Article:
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Imaging method reduced non-confident reads, decreased time.
Coronary computed tomography angiography (CCTA) plus computed tomography-derived fractional flow reserve (FFRCT) improved assessment of coronary artery disease (CAD) severity, according to a study published in the journal European Radiology.
Researchers from the United States and Germany performed a quality-improvement study to assess the impact of FFRCT on reader confidence and interpretation reader time of CCTA.
Fifty patients, 23 of whom were women, participated in the study. Mean age was 67 years and body mass index 28.7 kg/m2. CCTA was acquired on 2nd and 3rd generation dual-source MDCT with use of beta-blockers and nitroglycerin. Four readers participated, two with experience level COCATS2 (Core- Cardiology-Training-Symposium) and two with COCATS3 assessed severity of epicardial CAD using CCTA alone and CCTA with FFRCT. They rated reader confidence for CAD and the four major epicardial coronary artery vessels were measured for hemodynamically significant stenosis (HS) on a 4-point Likert-scale, ranging from 1 being high and 4 being none. Time to interpret was also recorded.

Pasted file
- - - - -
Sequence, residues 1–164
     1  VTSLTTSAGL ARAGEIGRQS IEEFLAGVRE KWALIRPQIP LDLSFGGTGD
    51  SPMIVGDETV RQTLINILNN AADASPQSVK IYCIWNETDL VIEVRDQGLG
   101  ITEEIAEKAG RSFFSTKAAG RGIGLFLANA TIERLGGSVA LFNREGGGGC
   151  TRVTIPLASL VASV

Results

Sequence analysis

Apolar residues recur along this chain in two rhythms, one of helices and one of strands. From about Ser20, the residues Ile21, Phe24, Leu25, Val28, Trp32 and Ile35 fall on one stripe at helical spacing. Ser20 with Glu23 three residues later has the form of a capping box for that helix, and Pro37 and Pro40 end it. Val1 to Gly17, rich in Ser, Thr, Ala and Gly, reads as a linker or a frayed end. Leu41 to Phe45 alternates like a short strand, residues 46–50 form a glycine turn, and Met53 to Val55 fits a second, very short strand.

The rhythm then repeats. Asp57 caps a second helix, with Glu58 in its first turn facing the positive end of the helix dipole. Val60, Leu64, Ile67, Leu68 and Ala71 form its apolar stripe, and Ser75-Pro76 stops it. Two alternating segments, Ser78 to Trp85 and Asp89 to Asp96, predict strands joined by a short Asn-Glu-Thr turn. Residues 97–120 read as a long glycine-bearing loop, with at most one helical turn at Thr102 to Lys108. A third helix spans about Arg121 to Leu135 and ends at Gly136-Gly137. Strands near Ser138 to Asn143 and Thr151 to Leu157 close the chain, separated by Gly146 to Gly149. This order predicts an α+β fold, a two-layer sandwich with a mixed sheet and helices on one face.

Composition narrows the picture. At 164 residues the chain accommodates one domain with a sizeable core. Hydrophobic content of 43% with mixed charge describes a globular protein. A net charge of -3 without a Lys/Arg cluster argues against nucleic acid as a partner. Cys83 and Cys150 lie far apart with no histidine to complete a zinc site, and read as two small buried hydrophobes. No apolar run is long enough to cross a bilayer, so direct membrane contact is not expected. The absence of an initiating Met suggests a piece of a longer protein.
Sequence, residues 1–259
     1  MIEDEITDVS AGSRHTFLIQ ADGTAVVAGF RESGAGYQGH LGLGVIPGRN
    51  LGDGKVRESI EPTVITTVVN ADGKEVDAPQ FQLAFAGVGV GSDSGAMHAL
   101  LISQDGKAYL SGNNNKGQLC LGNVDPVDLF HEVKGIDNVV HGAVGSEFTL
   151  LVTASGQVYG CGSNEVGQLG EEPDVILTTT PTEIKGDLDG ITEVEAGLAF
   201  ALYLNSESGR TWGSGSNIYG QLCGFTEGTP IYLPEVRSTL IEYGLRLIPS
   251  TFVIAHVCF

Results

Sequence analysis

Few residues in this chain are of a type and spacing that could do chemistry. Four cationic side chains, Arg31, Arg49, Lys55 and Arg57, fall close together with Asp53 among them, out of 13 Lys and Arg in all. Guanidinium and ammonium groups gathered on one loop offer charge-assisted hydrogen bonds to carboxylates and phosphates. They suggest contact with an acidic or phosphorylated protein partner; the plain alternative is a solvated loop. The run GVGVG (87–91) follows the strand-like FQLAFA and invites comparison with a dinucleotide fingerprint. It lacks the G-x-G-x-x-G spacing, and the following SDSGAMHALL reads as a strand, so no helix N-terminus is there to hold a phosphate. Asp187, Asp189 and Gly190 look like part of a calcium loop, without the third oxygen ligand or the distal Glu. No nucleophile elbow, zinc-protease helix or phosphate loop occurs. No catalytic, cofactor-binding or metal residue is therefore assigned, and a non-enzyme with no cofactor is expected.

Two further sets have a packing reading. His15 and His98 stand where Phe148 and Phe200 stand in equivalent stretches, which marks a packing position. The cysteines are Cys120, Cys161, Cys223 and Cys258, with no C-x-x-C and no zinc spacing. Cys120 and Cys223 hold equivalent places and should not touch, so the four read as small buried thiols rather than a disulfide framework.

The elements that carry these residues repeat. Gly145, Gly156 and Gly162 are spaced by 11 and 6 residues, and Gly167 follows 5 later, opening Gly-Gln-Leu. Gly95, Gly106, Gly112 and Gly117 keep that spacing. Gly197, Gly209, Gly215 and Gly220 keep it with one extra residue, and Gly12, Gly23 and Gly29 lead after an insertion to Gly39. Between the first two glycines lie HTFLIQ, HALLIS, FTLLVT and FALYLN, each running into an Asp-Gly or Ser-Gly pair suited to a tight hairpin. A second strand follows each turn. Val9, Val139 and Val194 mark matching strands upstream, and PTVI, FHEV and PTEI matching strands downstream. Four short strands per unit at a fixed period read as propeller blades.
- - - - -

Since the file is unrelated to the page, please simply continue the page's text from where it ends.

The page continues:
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The results showed the severity of CAD in the cohort population as per the CAD-RADS (Coronary-Artery-Disease Reporting-and-Data-System) was:
Sixty-three CA in 30 patients had minimal FFRCT values of 0.8 or less. Reader confidence when using FFRCT increased for CAD and HS. A reduction of non-confident patient read by 27% for rank 3 and 75% for rank 4. The change in confidence was associated with reader experience, but not CAD-RADS. The median time-to-read a CCTA study decreased by 5 minutes when FFRCT was available.
The researchers concluded that there was improved reader assessment for assessment of severity of CAD and HS when CCTA was used in conjunction with FFRCT. There was a reduction of non-confident reads and there was a decrease in the median time-to-interpretation of a CCTA.